Good Morning. Although this market can turn on a dime (or in this case a headline or rumor), I will admit that the bulls deserve some credit after Wednesday's effort. In short, with the holiday season underway and Tuesday's big blast creating an overbought condition, short-term profits were ripe for the picking. So, after Oracle's report stunk up the joint and traders began to "sell the news" that European banks had indeed borrowed a boatload of euros from the ECB, it wasn't exactly surprising to see stocks take a hit yesterday morning.
It also wasn't a total shock to see things start to get downright ugly (especially in four-letterland) during the lunch hour. Tech was being obliterated (Oracle was down -13.6%) and as a result, the chart of the NASDAQ was looking more than a little iffy. To be honest, at that point in the day, it felt like the bears were about to really get rolling again.
However, it was our actually our furry friends that wound up going home disappointed on Wednesday as the buyers returned and there was word of a reindeer seighting at the corner of Broad and Wall. Thus, we can say that traders were able to ignore the miserable showing in the technology as well as the fears that the 'backdoor bazooka might wind up being a pea shooter and focus instead on the traditional Santa Claus markup period.
Speaking of things being ignored by the markets, traders appear to be putting aside a host of other issues that have been staples in the bear argument recently. From a short-term perspective, the move from red to green yesterday meant that the widening spreads on Italian and Spanish bonds, which had been all the talk in the early going, was being tossed aside. Also ignored so far this week is the renewed bickering in Washington over issues that aren't likely to have much of an impact on the economy anyway. And finally, traders have completely and utterly ignored the story that a major hedge fund/bondholder walked out of talks with Greece this week. (Apparently the fund isn't wild about taking any further writedowns.)
To readers of the market's tea leaves, this is clearly a bullish development. So, the fact that the bulls have been able to shift the dialogue from negativity to hope has to be considered a positive. How long this new upbeat attitude will last in this news-driven environment however is obviously anybody's guess. As I've said a time or twenty over the past few years, things don't matter to the stock market until they do - and then they matter a lot.
While I am quite reticent to play an Ebenezer Scrooge role at this point during the holiday season, we do have to keep mind that the macro view isn't exactly a pretty picture right now and that the current drive to the upside could easily fizzle - especially as the big hedge funds get back to work in the New Year.
So under the category of being prepared, let's review the major points being bandied about by the bear camp these days. First and foremost is the idea that you can't solve a debt crisis with more debt. Next, there the fact that the Germans are not looking for a "fix" to the sovereign debt crisis and appear to be saying "nein" to any and all new ideas. Then there is the fact that Italy has officially entered a recession and that the rest of the Eurozone (save Germany perhaps) is likely to soon follow suit. On that note, there is the slowdown that is occurring in China (this fact is definitely not lost on the Shanghai stock market index or other Asian markets for that matter). There are the increasing capital requirements for banks that as history has shown, tends to put a big crimp in lending. And finally, there is the fact that money markets in Europe are all but frozen at the present time and are unlikely to improve anytime soon given the lack of confidence in the region's banks.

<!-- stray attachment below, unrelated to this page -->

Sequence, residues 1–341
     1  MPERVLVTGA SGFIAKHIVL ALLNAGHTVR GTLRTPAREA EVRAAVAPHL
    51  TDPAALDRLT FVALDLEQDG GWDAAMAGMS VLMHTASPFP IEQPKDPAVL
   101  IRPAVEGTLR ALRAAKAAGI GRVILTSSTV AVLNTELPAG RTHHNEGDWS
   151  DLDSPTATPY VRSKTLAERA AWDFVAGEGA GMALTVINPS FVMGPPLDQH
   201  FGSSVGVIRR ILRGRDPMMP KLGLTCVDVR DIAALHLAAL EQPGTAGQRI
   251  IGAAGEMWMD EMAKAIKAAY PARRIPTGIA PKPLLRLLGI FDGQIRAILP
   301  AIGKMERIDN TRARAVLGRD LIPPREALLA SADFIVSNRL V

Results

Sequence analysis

But for now, it appears that all of the above is being ignored and that Santa and his reindeer are showing up right on schedule. And with the S&P just a buy program away from being green on the year, we wouldn't be too surprised to see the traders that are still at their desks continue to ignore the bad stuff for the next few days.
Turning to this morning ... Santa is making an appearance across the pond as the European markets are all up more than 1% at this hour and the futures in the U.S. are also pointing higher in the early going. But there is a large slate of data to sift through before the opening bell rings.
On the Economic front ... The government’s second revision to the nation’s third quarter GDP shows the economy grew at a rate of +1.8% during the July-September period. This was below the estimates for a growth rate of +2.0% and the rate of +2.0% from the last revision, but still above the second quarter’s growth rate of +1.3%.
Next up, Initial Claims for Unemployment Insurance for the week ending 12/17 fell by 4,000 to 364K, which was below the consensus for 378K. Continuing Claims for the week ending 12/10 came in at 3.546M vs. consensus of 3.625M and last week’s 3.603M.
Major Foreign Markets:
- Australia: -1.15%
- Shanghai: -0.23%
- Hong Kong: -0.21%
- Japan: -0.75%
- France: +1.49%
- Germany: +1.20%
- Italy: +1.49%
- Spain: +0.88%
- London: +1.22%
- Australia: -1.15%
Crude Oil Futures: +$0.49 to $99.16
Gold: -$1.10 to $1612.50
Dollar: lower against the yen and pound, higher vs. euro
10-Year Bond Yield: Currently trading at 1.944%
Stock Futures Ahead of Open in U.S. (relative to fair value):
- S&P 500: +2.88
- Dow Jones Industrial Average: +24
- NASDAQ Composite: +2.37
- S&P 500: +2.88